SAN BERNARDINO – Emotions ran high Monday at the trial for two brothers accused of beating to death a 63-year-old man at a Westside convenience store.
A woman in the courtroom gallery reacted with a loud “wow” as prosecutors played for San Bernardino Superior Court jurors a video from a security camera that showed Nathan Macon being punched several times.
Moments later, another woman erupted into tears and was yelling as she left the courtroom. Loud sobs and yelling could be heard in the hallway.
The reaction came while the owner of Jimmy’s Food Store – the trial’s first witness – testified about the March 2010 deadly confrontation with Macon and the defendants, San Bernardino residents Jerome Walker and Milton Walker, then 22 and 21.
The owner had come from the back of the store as he heard noise or screams, he said. One of the two defendants was punching Macon, or “Nate,” in the doorway.
“He used to come to the store often,” the owner said of “Nate.”
The store is at Base Line and Medical Center Drive.
Deputy District Attorney Cary Epstein said in his opening remarks to the jury that Macon is seen on video arriving at the store, going inside and then coming back outside.
“As he’s leaving, he’s holding open the door,” Epstein said.
In the video, Milton Walker walks inside the store and then the door appears to hit Jerome Walker as he enters.
“You need to watch out,” Jerome Walker told Macon, prosecutors said.
“No, you need to watch out,” Macon responded.
An argument ensued, and Milton Walker went back to the door.
Punches were thrown and Macon was pushed outside to the parking lot.
“The two defendants continue to swing and throw blows at him, eventually knocking him to the ground,” said Epstein.
While on the ground, Macon took more punches.
Macon suffered massive head injuries, Epstein said. The video showed the Walkers leaving in a dark-colored car, and Macon lying motionless on the ground.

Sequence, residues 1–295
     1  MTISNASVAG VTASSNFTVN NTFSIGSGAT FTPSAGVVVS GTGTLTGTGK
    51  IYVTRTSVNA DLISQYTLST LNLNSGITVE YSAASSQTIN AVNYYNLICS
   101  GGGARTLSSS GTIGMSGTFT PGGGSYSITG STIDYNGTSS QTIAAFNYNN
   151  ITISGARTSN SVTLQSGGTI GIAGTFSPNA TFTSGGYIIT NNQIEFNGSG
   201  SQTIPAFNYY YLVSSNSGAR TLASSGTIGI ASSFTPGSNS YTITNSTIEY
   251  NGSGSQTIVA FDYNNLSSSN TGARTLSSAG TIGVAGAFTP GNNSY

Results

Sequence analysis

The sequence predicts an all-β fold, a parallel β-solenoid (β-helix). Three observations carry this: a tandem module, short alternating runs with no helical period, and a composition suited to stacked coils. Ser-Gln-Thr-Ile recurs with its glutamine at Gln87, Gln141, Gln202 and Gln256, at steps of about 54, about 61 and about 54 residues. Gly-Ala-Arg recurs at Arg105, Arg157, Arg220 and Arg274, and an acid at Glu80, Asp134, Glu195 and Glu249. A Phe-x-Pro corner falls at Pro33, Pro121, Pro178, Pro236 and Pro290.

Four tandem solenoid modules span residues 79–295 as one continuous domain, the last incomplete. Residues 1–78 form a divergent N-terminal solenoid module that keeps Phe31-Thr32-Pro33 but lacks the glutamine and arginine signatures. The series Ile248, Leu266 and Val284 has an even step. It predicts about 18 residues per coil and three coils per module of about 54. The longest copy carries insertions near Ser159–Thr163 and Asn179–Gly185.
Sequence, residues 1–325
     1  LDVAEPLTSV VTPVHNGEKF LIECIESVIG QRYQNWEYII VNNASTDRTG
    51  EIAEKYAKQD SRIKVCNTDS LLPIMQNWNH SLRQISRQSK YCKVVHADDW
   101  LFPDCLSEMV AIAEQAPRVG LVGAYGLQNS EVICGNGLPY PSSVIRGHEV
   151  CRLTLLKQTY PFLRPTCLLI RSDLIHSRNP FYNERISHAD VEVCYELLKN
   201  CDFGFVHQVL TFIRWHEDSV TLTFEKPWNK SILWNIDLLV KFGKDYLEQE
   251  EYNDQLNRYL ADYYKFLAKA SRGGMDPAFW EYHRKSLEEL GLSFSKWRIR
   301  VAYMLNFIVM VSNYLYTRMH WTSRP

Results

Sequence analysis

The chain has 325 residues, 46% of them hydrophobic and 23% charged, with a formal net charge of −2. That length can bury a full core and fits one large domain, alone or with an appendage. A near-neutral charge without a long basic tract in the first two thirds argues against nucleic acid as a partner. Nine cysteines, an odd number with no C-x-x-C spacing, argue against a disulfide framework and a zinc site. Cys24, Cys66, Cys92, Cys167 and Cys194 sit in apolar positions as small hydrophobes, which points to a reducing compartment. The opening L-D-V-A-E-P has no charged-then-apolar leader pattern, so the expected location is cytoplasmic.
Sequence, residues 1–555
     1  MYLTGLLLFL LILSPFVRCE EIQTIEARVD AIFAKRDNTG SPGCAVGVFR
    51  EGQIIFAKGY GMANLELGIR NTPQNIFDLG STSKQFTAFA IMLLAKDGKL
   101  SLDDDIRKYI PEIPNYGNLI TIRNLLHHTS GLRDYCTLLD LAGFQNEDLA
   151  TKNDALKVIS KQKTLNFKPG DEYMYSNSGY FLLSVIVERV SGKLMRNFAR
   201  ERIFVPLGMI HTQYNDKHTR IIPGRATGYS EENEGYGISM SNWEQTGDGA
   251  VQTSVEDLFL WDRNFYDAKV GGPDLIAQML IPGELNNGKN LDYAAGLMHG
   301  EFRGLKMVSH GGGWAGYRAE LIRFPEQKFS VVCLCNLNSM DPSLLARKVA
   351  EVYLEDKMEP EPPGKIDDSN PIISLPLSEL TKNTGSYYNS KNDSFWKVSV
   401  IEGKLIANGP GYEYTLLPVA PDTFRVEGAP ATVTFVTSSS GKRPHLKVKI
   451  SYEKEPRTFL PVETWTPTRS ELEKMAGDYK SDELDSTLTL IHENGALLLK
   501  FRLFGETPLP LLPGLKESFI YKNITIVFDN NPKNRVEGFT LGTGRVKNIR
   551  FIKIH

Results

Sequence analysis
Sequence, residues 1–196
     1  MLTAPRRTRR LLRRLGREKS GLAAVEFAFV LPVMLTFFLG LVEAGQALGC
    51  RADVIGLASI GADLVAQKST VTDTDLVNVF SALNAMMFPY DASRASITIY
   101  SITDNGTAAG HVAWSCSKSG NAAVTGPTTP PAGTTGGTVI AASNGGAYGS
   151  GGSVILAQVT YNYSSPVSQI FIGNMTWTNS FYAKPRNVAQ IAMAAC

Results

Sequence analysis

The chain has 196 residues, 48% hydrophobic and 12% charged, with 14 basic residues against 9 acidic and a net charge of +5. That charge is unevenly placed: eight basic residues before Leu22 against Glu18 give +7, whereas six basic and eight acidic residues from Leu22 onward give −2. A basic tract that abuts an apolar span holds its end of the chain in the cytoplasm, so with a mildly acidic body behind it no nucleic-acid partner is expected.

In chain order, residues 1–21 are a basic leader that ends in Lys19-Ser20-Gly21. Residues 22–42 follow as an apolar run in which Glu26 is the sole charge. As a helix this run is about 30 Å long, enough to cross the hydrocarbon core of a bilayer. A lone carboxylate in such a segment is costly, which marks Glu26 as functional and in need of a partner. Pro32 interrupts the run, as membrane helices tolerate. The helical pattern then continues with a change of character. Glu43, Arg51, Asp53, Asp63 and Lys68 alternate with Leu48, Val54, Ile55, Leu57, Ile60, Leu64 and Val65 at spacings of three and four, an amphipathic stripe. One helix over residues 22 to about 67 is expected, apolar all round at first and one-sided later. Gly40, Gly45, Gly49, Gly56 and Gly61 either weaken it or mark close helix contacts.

Paramedics took Macon to Arrowhead Regional Medical Center in Colton, where he remained in a coma for 12 days before he died. Prosecutors asked that witness names be withheld from this report due to potential threats in the case.
Macon is one of the elders in a well-known Westside family. Some of his relatives have been suspected in a handful of homicides, but police say Macon was a true victim in this case.
But defense lawyers say Macon was the initial aggressor, and Milton Walker’s lawyer, Celia Torres, said Macon had an odor of alcohol, a blood alcohol content of 0.23 or 0.24, and an unsteady gait.
During the confrontation, Torres said Macon threatened Jerome Walker.
“You know who I am?” Macon told Jerome, said Torres. “I’m a Macon. I can hurt you.”
Milton Walker heard the threat and went back to the door, where his brother was, Torres said. As Jerome Walker appeared to walk away, Macon threatened Milton Walker, the defense lawyer said.
“What are you going to do about this?” Macon told Milton Walker, according to Torres. “I’m going to cut you.”
Torres said Macon slammed open the door and appeared to be getting more violent. Macon came back into the store toward Milton, and the fight erupted, she said.
“This is not a situation of two young punks beating up on an old man,” Torres said.
Jerome Walker’s lawyer, Marjorie Barrios, described Macon as “the first aggressor.” Her client heard Macon hurling threats and genuinely believed his brother’s life was in danger, she said.
“He was just sticking up for his brother,” Barrios told jurors. “He was just making sure his brother didn’t get killed, didn’t get cut up by Nathan Macon.”